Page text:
Would you describe yourself as left wing or right wing? According to recent research the way your brain responds to images of disgust can predict your political leanings with a phenomenal degree of accuracy
Many dog-owners were moved by Walnut the Whippet’s last journey across Porth Beach in Newquay. Walnut’s owner, Mark Woods, was accompanied by hundreds of well-wishers as he carried his special pet along the beach, before the frail and elderly dog was put into a ‘final sleep’ at the local vets.
The Russian playwright Anton Chekhov is alleged to have said, “Any idiot can face a crisis — it’s this day-to-day living that wears you out”. We can all recognise this. You see mostly people can endure major traumas and heartaches with great resilience. They may have a rough time in the process, but invariably they end up in a stronger position. We are pretty robust creatures when it comes to the big things that happen to us.
What do you value in your life? You won’t need reminding that you only have one shot at it. Miss it and it’s gone for good. In 2012, an Australian nurse, Bronnie Ware, working in palliative care, wrote a moving book called “The Top Five Regrets of the Dying”. She found five repeating themes when people near the end of life talked about their life regrets.
When did you last discuss something with someone and came to the conclusion that they were right and that you were wrong? For many of us the answer to this question will be, “Not for a while”. We all want to be seen as open-minded, but in reality, humans struggle to change an opinion once they have mentally signed up for it. We tend to defend our position even in the face of many contradictory facts.
Are you procrastinating your life away? Are you forever putting things off until tomorrow? If you are, then you won’t be surprised to hear that you are probably underachieving in your life. However, the research also tells us that if you chronically procrastinate you are more likely to experience stress and other health problems. How does that work?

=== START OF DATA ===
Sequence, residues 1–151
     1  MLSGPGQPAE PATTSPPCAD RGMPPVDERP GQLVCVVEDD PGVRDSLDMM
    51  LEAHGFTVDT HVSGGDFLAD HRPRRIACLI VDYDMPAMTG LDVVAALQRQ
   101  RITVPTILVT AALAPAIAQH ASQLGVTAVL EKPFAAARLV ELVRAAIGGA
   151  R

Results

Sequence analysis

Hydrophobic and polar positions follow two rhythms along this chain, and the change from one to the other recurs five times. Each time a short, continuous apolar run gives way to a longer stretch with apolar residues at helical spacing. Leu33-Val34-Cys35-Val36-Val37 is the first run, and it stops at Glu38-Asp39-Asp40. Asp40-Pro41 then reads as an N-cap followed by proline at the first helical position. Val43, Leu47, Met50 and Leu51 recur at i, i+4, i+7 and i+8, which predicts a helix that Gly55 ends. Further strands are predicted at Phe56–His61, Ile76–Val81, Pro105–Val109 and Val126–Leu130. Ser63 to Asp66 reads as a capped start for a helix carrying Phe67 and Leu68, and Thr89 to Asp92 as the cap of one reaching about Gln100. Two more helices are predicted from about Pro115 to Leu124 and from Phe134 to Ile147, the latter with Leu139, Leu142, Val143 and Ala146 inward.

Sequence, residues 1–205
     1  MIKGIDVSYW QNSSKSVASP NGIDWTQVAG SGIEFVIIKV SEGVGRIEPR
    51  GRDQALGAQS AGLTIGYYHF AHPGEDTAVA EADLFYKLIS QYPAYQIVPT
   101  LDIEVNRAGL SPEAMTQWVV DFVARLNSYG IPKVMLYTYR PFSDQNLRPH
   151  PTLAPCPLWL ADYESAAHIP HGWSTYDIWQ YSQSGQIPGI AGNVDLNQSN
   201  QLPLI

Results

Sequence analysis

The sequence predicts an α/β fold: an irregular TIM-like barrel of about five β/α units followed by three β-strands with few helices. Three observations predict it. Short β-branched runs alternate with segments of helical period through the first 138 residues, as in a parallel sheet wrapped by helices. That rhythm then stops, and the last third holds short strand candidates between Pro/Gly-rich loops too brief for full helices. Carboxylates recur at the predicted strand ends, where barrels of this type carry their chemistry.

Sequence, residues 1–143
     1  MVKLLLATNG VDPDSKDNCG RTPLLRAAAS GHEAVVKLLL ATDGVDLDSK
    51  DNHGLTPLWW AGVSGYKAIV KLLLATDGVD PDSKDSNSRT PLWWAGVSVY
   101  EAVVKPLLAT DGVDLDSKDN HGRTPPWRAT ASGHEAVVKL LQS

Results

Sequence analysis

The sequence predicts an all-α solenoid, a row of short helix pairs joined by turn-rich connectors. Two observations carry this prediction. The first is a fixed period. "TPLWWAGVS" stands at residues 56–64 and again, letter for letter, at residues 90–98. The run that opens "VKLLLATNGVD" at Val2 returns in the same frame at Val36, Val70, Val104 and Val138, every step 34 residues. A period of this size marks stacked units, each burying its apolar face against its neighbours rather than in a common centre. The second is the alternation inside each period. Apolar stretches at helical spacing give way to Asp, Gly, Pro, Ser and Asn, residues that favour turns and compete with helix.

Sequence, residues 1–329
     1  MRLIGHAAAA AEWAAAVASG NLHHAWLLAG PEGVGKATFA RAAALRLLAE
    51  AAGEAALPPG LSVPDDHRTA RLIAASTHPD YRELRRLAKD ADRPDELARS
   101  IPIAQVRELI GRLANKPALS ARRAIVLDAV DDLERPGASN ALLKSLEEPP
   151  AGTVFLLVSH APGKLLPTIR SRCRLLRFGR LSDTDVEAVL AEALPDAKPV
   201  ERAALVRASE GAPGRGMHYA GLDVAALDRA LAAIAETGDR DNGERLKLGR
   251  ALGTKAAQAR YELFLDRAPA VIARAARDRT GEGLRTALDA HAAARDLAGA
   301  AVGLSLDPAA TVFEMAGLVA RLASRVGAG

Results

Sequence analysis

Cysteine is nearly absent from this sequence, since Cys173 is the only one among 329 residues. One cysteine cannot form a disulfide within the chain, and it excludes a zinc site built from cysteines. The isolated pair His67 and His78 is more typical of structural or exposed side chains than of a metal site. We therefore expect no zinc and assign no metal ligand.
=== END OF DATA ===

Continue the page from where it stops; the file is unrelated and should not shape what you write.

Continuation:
[Guest author - Sarah Counter, Cognitive Behavioural Therapist with Outlook South West]
We all know that exercise is good for us, research shows that physical activity can boost self-esteem, mood, sleep quality and energy, as well as reducing the chances of stress, depression, dementia and Alzheimer’s disease. However sometimes it can be hard to engage in mainstream exercise for various reasons such as illness and as such we can find ourselves inactive with reduced mobility which can have a significant impact on mood.
I was ten minutes late for a dental appointment last week. It had been a fraught journey. I explained to the dentist that I had been stuck at a level crossing, held up behind a learner driver and then couldn’t find a parking space. This was all actually true, although, if I’m honest, I was also slightly over-egging it. To give reasons for our actions is very normal. And, our brain can fire out these reasons all day long. We give reasons in order to be reasonable. If I had been asked why I was late, and replied, “No reason”, then I would have been unreasonable.
Our thoughts are not to be trusted. This may sound a little extreme, but learning this fact can be tremendously helpful. The normal human brain provides a relentless ongoing commentary about the world and what we are doing. Sometimes the stories in this commentary are factual. But more often than not, they consist of judgements, evaluations, predictions and protests. For example, I had one client whose brain would routinely call him a ‘stupid, useless moron’ every time he made a mistake. (He was in fact a university lecturer!).
Guest Written by...
Catherine Collin, Clinical Psychologist & Director